Tired driver behind the wheel of a car

Why driving fatigue is so dangerous

14 February 2020

For many businesses in the UK, driving is an essential part of operations. However, research from RoSPA found 1 in 5 road traffic accidents and 25% of fatal accidents are linked to driver fatigue.

Furthermore, 40% of all fatigue-related accidents involved commercial vehicles. Take a look below on how you can minimise your risk of accidents or injury from driving fatigue.

Fit to drive

Before your journey, make a judgement on whether or not you are in a fit state to get behind the wheel of your vehicle.

If you are already tired before you set off, it is only likely to get worse throughout the course of your drive. Make sure that you have had a good night’s sleep before you start your journey so that you feel rested before you go.

Pick your time

Try to avoid driving on long journeys between midnight and 6am, as your body may be used to being asleep at these times, and you will naturally be tired.

If you are driving for business, it may be safer to drive to your destination a day earlier and book a hotel to get a good sleep in before your drive.

Know the rules

If you are feeling tired when you are driving and feel the need to pull over to have a quick sleep, you need to know where you can and can’t do so.

The highway code recommends taking a 15 minute break for every two hours that you are driving, but if you need to pull over for a quick nap, you need to know where it is suitable to do so.  Whilst it isn’t an offence to sleep in your vehicle, it is more the location of where you decide to stop that can be problematic. For example, you wouldn’t normally stop on a hard shoulder or on double yellow lines, so neither of these places are suitable to stop for a sleep.

If you are driving on the motorway, it is best to wait for a service station to find somewhere to have a quick nap. However, some service stations have limits on how long you can stay, so make sure you check this before you doze off.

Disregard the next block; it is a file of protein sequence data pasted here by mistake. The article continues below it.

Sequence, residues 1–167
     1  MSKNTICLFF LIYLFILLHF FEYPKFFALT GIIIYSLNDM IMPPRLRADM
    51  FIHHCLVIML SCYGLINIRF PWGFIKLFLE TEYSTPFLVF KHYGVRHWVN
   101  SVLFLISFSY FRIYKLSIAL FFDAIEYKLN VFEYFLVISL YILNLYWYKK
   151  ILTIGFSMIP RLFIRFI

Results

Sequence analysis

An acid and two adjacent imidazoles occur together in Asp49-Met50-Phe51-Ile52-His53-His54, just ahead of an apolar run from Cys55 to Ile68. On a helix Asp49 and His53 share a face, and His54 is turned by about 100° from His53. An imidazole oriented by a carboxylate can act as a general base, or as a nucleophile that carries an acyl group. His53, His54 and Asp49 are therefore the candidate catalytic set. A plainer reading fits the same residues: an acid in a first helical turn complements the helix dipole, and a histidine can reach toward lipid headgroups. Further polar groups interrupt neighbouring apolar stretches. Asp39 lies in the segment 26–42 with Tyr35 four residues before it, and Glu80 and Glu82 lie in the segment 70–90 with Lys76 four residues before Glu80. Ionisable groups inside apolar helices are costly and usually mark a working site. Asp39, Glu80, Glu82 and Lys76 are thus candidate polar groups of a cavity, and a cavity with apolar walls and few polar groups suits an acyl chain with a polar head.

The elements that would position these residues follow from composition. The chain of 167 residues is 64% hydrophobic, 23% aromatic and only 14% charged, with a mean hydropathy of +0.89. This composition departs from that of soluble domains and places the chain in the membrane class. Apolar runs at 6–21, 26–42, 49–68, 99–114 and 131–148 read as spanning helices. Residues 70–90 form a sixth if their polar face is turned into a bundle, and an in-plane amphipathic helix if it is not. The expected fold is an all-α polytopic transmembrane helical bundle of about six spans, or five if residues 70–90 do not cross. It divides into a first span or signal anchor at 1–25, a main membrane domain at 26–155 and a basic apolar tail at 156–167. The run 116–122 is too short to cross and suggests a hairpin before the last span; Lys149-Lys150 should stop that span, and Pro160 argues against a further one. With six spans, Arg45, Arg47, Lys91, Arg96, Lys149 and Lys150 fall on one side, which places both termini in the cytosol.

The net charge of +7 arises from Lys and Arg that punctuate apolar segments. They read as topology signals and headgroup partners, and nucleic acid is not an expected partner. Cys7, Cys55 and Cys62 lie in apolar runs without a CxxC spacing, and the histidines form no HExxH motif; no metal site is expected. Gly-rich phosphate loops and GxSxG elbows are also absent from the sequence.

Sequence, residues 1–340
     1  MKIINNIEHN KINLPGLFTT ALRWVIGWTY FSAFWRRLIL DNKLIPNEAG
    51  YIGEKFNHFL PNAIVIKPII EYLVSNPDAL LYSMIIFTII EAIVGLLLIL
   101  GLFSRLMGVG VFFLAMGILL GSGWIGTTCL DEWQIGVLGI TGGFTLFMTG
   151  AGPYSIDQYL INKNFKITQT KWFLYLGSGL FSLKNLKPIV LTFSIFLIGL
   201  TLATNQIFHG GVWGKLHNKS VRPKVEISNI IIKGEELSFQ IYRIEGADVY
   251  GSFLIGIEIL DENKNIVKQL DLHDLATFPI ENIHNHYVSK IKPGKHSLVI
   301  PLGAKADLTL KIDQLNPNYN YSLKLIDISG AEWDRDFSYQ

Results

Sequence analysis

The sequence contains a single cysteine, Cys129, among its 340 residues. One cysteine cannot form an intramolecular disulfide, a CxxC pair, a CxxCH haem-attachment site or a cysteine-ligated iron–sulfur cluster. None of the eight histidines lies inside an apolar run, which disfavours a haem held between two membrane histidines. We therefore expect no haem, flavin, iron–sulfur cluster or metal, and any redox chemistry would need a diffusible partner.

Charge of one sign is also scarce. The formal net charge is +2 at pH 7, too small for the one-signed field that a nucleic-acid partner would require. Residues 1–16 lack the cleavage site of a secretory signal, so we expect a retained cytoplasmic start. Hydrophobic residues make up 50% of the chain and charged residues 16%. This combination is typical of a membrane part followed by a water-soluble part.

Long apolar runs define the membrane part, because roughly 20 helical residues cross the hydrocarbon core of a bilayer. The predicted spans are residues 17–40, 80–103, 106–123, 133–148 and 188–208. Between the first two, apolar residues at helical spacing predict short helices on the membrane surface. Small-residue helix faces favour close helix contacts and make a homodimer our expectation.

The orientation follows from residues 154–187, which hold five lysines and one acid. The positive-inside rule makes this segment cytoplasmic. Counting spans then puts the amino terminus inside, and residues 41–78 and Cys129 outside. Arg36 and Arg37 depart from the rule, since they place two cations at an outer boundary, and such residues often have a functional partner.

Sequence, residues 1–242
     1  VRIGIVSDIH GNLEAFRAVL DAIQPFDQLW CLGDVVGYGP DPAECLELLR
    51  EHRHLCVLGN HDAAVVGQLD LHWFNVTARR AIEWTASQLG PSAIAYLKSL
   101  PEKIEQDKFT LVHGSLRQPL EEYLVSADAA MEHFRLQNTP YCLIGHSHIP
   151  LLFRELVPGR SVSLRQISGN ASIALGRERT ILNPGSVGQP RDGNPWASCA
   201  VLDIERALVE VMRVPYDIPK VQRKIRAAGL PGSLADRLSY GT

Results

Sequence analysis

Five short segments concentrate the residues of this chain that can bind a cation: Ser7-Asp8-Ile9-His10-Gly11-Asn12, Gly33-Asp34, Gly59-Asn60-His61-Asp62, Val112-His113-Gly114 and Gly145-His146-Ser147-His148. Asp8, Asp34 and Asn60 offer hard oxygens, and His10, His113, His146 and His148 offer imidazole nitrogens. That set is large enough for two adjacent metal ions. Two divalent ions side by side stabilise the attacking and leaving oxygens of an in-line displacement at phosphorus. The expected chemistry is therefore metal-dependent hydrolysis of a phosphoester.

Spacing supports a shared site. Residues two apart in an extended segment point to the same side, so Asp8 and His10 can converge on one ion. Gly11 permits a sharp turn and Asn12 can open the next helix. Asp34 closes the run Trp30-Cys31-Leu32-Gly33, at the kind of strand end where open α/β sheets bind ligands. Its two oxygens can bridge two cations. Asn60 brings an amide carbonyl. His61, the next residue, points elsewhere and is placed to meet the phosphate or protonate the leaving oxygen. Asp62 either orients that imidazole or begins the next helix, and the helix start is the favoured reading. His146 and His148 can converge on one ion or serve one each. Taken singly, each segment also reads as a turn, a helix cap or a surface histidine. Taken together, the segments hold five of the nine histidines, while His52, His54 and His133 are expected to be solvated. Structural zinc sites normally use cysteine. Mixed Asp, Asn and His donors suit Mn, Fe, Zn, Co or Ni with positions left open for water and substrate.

Drive share

If timing is important, have two drivers available to drive for a long trip if possible, so that if one feels as though they are getting tired, the other can take over, allowing drivers to have a rest.

This will minimise the amount of the time that the vehicle will be stopped for, allowing driving jobs to be completed quicker, whilst ensuring the safety of your drivers. You may find that because jobs can be completed quicker, you may be able to take on more work.

Whilst it is dangerous to drive when fatigued, you may need to carry on driving until you can find a safe place to pull over for a nap or refreshments before finally reaching your destination. Take a look at some of these tips to keep yourself alert.

Avoid heavy food

Heavy, stodgy foods like breads or potato products are likely to make you feel more tired as your body tries to digest them.

If you are feeling peckish, snack on cheese or dark chocolate, both of which have been found to perk you up if you need a snack.

Turn off the heating

A warm vehicle can make you feel very tired if you are travelling on a long trip. This is likely to be because of the dehydration that you will experience when you are too hot.

You should make sure that when you are travelling long distance that you keep a bottle of water with you to keep yourself hydrated and alert, making regular stops in the services to keep your bottle topped up.

Turn up the radio

Listening to something lively on the radio could help whilst on long journeys.

You might need to put the talk show or podcast on hold and listen to something that keeps your brain stimulated and your heart rate up.

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